Q: So if a woman decides she wants the exam but her internist doesn't believe it's indicated, how should the physician proceed?
A: I think preserving the physician-patient relationship is extremely important. The physician needs to explain the reasoning behind the recommendations and fully disclose what might happen: “I may find a fullness or an abnormality that will prompt you to get an ultrasound, and that may lead to other ultrasounds or it may be entirely normal, or we may go down the road where it's a persistent abnormality that requires surgery. Most surgeries are for lesions that are not clinically important. But as long as you're aware of that, then I think we can do the exam.”
Now, it can cause a bit of a conflict because you might have a physician who feels like the examination is contraindicated, right? That physician might refer the patient to another physician. You're at least empowering the patient to make the decision.
Q: When is a pelvic exam indicated?
A: It's really important that people know that there are indications for pelvic exams. For example, if the patient has abnormal bleeding or discharge, she certainly may need a pelvic examination. It is important to remember that there are indications for speculum exams in asymptomatic women that the Task Force endorses, such as for cervical cancer screening and screening for certain sexually transmissible infections (STIs). I think people have to be clear that in this conversation, we're not talking about cervical cancer screening or screening for STIs, and we're not talking about symptomatic women. We are talking about the pelvic exam as a standalone test in the absence of any other indication to perform it.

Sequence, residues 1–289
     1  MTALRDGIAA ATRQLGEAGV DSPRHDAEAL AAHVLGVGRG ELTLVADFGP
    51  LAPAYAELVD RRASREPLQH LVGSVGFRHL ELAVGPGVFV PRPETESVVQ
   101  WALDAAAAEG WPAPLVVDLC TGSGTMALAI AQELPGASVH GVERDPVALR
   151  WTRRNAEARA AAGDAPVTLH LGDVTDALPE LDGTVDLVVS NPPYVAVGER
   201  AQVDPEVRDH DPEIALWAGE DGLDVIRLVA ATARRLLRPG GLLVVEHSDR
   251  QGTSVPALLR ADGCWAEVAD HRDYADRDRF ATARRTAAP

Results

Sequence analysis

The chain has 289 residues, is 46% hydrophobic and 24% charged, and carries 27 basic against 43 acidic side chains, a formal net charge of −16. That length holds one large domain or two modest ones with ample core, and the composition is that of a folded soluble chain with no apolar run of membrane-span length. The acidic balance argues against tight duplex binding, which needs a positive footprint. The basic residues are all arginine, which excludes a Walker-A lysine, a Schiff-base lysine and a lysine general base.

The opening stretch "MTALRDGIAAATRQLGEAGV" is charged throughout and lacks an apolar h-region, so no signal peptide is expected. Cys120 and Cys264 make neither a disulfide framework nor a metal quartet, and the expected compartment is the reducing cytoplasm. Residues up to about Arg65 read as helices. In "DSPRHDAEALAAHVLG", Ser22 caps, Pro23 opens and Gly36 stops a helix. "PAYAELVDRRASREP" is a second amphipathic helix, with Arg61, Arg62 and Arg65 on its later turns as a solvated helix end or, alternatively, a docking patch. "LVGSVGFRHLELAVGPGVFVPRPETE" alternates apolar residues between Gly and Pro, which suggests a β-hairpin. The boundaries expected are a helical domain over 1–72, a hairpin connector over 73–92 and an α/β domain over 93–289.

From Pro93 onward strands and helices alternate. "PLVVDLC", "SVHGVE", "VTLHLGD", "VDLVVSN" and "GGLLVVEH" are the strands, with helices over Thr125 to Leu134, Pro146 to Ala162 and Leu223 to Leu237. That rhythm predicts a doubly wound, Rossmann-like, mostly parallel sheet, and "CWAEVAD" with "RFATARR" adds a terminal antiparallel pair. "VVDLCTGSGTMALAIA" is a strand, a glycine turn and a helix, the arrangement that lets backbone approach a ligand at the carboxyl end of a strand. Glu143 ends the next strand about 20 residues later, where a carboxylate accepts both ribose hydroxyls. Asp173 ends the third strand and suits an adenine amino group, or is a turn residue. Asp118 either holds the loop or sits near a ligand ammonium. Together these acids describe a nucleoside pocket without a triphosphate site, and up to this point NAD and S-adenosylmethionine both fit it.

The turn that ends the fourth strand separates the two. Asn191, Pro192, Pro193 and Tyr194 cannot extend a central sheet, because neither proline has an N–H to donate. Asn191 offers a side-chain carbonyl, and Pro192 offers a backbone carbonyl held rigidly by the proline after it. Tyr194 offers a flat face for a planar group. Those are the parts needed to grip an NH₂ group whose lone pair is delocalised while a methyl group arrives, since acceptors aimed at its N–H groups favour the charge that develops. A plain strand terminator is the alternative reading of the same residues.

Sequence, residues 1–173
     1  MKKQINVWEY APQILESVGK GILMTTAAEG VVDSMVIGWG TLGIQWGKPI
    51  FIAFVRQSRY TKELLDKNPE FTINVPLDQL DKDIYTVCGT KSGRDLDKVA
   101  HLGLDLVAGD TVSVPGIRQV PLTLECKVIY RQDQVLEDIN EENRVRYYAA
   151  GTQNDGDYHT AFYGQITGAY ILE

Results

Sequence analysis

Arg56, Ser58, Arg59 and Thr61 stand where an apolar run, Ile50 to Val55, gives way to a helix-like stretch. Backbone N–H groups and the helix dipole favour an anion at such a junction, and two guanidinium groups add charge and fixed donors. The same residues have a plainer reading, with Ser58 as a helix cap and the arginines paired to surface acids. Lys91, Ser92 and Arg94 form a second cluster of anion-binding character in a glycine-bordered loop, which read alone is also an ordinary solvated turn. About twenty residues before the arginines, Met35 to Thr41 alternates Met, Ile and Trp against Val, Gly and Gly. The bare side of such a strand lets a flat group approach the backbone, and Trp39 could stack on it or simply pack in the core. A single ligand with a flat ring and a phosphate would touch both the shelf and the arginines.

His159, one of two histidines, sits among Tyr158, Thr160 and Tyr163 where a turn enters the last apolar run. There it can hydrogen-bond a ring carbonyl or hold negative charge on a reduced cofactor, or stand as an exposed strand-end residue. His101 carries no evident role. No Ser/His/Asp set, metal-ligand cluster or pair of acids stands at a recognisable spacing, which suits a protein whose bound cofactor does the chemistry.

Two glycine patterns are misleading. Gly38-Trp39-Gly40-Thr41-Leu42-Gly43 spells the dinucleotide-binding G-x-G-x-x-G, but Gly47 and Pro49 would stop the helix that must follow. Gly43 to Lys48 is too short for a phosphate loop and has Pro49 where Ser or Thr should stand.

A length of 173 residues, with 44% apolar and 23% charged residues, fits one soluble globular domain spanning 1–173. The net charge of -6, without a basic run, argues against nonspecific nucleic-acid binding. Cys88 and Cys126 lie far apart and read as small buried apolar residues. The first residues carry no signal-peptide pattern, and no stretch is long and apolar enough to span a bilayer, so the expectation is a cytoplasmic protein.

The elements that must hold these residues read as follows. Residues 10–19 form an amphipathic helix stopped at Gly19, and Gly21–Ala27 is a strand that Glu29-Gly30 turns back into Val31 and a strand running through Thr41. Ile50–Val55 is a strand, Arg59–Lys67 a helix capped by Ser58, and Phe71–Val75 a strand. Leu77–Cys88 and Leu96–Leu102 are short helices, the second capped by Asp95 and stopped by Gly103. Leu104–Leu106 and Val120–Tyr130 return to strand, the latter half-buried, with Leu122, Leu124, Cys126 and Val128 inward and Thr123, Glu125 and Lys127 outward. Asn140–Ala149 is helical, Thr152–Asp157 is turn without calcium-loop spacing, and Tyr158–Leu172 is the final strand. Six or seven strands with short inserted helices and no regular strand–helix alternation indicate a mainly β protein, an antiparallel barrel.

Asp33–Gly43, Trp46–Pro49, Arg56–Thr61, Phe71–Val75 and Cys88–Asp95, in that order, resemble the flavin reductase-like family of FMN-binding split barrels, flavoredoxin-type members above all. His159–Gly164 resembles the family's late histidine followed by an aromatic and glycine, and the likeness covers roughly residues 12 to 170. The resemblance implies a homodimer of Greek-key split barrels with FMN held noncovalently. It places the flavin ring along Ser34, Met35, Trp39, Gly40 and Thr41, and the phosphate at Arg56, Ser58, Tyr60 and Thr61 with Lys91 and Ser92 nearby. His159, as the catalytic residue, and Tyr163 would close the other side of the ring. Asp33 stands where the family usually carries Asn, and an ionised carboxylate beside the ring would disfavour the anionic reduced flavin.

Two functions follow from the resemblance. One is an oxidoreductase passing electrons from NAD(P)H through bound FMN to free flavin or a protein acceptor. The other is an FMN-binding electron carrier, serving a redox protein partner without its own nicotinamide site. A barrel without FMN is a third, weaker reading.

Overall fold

Q: What is the appeal, then, of the screening pelvic exam?
A: I've been lecturing about this for about 12 years now, and I used to end all my talks with, “There are two not-very-good reasons to do the exam that, maybe together, perhaps make an OK reason.” The first is that patients expect the exam as part of the visit to the gynecologist. The second involves training. It has been argued that we need to know what normal is so that when we see abnormal, we'll know what abnormal is. These two reasons seem to have some validity; I just don't know whether or not they are strong enough to expose women to harm.
Q: What might primary care's well-women exam look like in the future?
A: ACOG and the USPSTF have been very good about delineating what should be included in the periodic well-woman exam. (That doesn't necessarily mean an annual exam, but a periodic exam for asymptomatic women.) There are a lot of things on the list, aside from cervical cancer screening and STI screening. There are important interventions that don't involve taking a sample, such as depression screening, counseling for smoking cessation, etc. I hope in the future there will be more attention focused on things that are important to patients [and] involve more talking and listening rather than sampling. Over time, we will get more thoughtful about what it means to deliver patient-centered care.